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Clinical Trials

Novartis and Amgen’s erenumab succeeds in phase 3 episodic migraine trial

PBR Staff Writer Published 30 November 2017

Novartis and Amgen’s human monoclonal antibody erenumab has succeeded in a phase 3 study by demonstrating significant and sustained efficacy in the prevention of episodic migraine.

Erenumab delivered clinically meaningful and statistically significant differences from placebo for all primary and secondary endpoints in the study, dubbed Strive. 

Erenumab functions by targeting and inhibiting the Calcitonin Gene-Related Peptide (CGRP) receptor, which is considered to play a key role in activation of migraine.

The six-month long trial featured 955 patients who were randomized to receive either subcutaneous erenumab 70mg or 140mg once a month or placebo.

Patients in the erenumab arm, subjected to higher dose of the drug had registered a significant 3.7-day reduction in monthly migraine days from the baseline of 8.3 days.

Half of the patients, who were given erenumab 140mg, had their migraine days reduced by at least half, which marked a significantly higher probability of achieving this response in comparison to placebo treatment.

Patients in the erenumab arm also had lowered physical impairment while improving their ability to take part in daily activities, as measured on the basis of a validated patient-reported outcome tool.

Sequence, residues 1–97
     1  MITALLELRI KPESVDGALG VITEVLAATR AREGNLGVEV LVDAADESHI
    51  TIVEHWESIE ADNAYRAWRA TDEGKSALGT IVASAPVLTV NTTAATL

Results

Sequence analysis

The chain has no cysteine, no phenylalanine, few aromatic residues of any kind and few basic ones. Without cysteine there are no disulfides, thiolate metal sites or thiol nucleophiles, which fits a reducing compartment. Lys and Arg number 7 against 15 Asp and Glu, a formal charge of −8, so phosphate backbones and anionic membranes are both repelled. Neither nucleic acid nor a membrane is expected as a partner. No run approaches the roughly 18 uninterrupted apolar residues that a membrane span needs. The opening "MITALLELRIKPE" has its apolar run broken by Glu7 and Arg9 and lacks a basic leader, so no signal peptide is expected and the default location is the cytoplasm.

The endpoints of the trial were evaluated from baseline to the average of the last three months.

Overall, erenumab was found to be well tolerated with its safety profile on par with placebo during the trial, and also with the safety data recorded throughout the entire clinical program of the drug.

Novartis drug development global head and chief medical officer Vas Narasimhan said: “The results of the STRIVE study add to the evidence for the significant, consistent benefits of erenumab seen across the spectrum of chronic and episodic migraine, including patients who failed on previous preventive treatments.

“People with migraine are missing out due to this debilitating neurological disease and are in need of safe, tolerable and effective preventive treatments. We are committed to bringing this much-needed treatment option to patients as soon as possible.”

After securing approval, Novartis and Amgen plan to co-commercialize erenumab in the US. Amgen holds exclusive commercialization rights to the drug in Japan, while Novartis has exclusive rights in remaining parts of the world.

Image: Novartis’ headquarters in Basel, Switzerland. Photo: courtesy of Novartis AG.